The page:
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Finding 12V Circuit Breaks

♦ Finding 12V Circuit Breaks – What’s the fastest way to find a break in an open circuit 12-volt system?

You can pretty much take for granted that if electrical circuits in dry environments fail it’s because they are open or suffering from a short circuit in the load or path.

Before you do anything else, check the fuses and bear in mind another possibility – voltage drop that can starve the load of operating voltage. When you’re troubleshooting 12 volts make sure all relevant switches are on. Get your DMM to DC volts and measure the voltage across the load with the red probe on the positive connection of the load and the black probe on the negative connection.

If you read 12 volts across the load, then the problem is inside the load. To confirm this, disconnect the load wires then check panel fuses and check to see if there are any load switches relating to the panel and ensure they’re on. Set the DMM to ohms and then measure the resistance of the load. You’re looking for an infinite resistance and if you find one you’ve confirmed the problem is the load. You can recheck the reading by reversing the probes.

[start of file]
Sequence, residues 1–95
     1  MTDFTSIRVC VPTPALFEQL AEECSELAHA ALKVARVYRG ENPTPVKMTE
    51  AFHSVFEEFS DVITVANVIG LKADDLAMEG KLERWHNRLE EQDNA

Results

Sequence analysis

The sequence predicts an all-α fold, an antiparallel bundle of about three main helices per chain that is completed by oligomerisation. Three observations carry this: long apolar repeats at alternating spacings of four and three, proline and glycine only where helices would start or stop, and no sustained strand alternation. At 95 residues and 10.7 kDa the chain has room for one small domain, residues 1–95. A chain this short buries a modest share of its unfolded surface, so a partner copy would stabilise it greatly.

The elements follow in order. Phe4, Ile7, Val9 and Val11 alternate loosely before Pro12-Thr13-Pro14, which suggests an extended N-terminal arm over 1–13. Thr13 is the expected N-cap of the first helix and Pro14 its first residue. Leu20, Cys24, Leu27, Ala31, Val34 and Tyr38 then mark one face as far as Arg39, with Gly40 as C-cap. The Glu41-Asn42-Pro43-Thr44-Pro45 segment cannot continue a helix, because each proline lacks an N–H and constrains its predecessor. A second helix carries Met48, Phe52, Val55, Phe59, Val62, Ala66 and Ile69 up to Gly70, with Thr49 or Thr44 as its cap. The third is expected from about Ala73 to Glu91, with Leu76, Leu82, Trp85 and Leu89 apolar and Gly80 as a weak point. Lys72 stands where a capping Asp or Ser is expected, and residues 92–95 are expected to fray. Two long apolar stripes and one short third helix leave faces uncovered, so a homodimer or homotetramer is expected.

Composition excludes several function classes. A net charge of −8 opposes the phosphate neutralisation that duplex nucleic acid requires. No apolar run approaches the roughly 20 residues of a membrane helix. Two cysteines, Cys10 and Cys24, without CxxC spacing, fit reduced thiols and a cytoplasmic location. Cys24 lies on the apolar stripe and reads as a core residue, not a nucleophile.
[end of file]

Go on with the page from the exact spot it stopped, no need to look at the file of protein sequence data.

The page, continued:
Bear in mind that should the voltage be 0 at the load then no power is reaching the panel and you have a circuit problem. To check for this, set your DMM to DC volts and check across components, including bus bars and switches looking for breaks in the signal path. You’ll find this easier if you employ a jumper wire that allows you to check whole segments of the circuit at a time.

A circuit diagram is invaluable and if one is not provided you should draw one, even if it does nothing more than illustrate a process of elimination as you search for the fault.

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